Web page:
Following the events on New Year’s Eve in Cologne and in other German cities, when groups of men sexually harassed women in the middle of the city and at central rail stations, the German Bundestag has yesterday, July 7, 2016 passed a new sexual offense law. The “No Means No” (German: “nein heißt nein”) law was passed by unanimous vote and under the MP’s applause. The law tightens rules on consent, makes groping a sex crime and enables prosecution of groups, even bystanders.
The law covers cases in which a victim withheld consent but did not physically resist the sexual attack. Under the new law, courts should take into account circumstances in which victims did not resist because they were incapacitated, taken by surprise or threatened with greater violence if they objected sexual contact. Previously, the law required victims to prove that they not only objected to the offender’s advances but also physically resisted an assault before any charges for sex crimes could be brought. According to advocates of the new law, such a situation led to the underreporting of sex assaults in Germany, rt.com reports.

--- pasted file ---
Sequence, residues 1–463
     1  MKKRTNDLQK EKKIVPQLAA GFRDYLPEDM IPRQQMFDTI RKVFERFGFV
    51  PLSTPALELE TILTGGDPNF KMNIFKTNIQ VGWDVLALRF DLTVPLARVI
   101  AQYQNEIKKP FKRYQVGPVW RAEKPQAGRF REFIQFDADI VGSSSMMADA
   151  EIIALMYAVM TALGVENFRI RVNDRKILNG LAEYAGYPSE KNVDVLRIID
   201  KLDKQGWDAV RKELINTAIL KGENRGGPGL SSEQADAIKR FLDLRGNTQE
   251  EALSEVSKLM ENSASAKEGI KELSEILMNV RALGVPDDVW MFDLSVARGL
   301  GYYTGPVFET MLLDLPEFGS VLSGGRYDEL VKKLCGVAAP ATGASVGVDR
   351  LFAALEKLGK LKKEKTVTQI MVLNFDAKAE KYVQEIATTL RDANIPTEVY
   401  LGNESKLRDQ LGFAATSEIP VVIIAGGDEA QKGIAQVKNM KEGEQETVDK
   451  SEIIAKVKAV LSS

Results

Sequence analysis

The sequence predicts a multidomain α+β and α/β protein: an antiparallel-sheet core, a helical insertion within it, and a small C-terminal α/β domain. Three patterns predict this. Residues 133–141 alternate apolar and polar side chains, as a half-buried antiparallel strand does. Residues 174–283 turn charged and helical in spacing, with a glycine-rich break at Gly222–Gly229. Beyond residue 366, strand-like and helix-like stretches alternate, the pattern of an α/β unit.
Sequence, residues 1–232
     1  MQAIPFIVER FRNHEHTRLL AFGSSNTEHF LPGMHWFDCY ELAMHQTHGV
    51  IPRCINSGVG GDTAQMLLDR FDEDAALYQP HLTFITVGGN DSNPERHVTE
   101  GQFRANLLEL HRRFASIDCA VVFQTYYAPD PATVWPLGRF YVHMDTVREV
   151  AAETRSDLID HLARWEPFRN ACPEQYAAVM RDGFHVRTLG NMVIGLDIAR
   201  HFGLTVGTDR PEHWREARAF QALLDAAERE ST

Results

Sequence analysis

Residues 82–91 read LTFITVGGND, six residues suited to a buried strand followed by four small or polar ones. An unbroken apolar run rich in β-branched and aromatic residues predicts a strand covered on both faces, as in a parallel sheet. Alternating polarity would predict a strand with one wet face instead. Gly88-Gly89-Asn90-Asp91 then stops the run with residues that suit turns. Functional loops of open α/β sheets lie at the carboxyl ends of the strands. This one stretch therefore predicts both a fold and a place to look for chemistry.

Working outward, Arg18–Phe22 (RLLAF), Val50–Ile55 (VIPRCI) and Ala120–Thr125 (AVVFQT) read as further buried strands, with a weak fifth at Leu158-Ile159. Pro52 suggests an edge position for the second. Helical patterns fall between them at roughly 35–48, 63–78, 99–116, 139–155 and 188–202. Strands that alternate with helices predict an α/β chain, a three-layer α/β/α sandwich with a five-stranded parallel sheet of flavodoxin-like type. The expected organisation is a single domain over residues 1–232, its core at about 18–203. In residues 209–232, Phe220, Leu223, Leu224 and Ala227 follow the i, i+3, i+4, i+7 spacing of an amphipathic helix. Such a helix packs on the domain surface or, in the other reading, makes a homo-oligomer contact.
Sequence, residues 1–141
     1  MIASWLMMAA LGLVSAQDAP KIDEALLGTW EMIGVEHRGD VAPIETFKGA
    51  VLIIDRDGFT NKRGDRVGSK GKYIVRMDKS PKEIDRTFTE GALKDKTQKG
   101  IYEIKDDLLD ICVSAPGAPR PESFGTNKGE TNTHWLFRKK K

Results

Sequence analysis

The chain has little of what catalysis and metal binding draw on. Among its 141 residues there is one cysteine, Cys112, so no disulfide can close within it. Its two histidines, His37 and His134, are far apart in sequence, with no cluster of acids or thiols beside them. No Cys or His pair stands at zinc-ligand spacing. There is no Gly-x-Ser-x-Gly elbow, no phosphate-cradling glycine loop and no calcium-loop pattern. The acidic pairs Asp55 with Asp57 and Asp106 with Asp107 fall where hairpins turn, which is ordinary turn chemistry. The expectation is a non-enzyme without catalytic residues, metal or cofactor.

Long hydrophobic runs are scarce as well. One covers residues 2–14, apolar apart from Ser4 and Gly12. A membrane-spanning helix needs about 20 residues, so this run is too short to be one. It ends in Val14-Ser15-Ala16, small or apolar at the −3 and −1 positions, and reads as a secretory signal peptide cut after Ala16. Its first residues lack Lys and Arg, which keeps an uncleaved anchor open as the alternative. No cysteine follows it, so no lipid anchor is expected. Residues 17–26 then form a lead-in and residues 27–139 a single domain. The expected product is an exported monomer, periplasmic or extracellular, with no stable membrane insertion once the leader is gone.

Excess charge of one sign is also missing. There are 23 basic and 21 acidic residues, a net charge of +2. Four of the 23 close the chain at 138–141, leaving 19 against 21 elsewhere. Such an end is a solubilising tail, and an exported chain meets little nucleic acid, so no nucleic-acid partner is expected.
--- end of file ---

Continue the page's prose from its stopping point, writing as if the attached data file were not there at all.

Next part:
“In the past there were cases where women were raped but the perpetrators couldn’t be punished,” said Germany’s minister for women, Manuela Schwesig and continued: “The change in the law will help increase the number of victims who choose to press charges, lower the number of criminal prosecutions that are shelved and ensure sexual assaults are properly punished.”
The law will not to come into force until this autumn, even though there is pressure for a speedier process, because it also has to be passed by the upper house, Bundesrat, which will vote after summer recess.